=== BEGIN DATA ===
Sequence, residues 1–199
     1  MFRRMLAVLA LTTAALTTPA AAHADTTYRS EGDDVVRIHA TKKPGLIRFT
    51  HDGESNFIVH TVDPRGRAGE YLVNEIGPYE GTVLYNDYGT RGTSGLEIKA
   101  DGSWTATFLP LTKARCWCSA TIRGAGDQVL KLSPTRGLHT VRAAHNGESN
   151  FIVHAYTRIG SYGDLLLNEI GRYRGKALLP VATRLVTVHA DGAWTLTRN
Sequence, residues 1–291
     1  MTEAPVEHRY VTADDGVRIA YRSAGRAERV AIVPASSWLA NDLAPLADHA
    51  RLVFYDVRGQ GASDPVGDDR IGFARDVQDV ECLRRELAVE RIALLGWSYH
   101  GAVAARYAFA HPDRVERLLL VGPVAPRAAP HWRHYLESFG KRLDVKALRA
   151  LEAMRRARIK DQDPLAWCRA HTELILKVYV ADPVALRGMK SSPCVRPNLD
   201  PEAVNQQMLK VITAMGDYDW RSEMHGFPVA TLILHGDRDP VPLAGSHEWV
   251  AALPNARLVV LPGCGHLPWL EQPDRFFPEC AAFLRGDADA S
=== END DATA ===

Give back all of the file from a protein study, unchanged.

Sequence, residues 1–199
     1  MFRRMLAVLA LTTAALTTPA AAHADTTYRS EGDDVVRIHA TKKPGLIRFT
    51  HDGESNFIVH TVDPRGRAGE YLVNEIGPYE GTVLYNDYGT RGTSGLEIKA
   101  DGSWTATFLP LTKARCWCSA TIRGAGDQVL KLSPTRGLHT VRAAHNGESN
   151  FIVHAYTRIG SYGDLLLNEI GRYRGKALLP VATRLVTVHA DGAWTLTRN
Sequence, residues 1–291
     1  MTEAPVEHRY VTADDGVRIA YRSAGRAERV AIVPASSWLA NDLAPLADHA
    51  RLVFYDVRGQ GASDPVGDDR IGFARDVQDV ECLRRELAVE RIALLGWSYH
   101  GAVAARYAFA HPDRVERLLL VGPVAPRAAP HWRHYLESFG KRLDVKALRA
   151  LEAMRRARIK DQDPLAWCRA HTELILKVYV ADPVALRGMK SSPCVRPNLD
   201  PEAVNQQMLK VITAMGDYDW RSEMHGFPVA TLILHGDRDP VPLAGSHEWV
   251  AALPNARLVV LPGCGHLPWL EQPDRFFPEC AAFLRGDADA S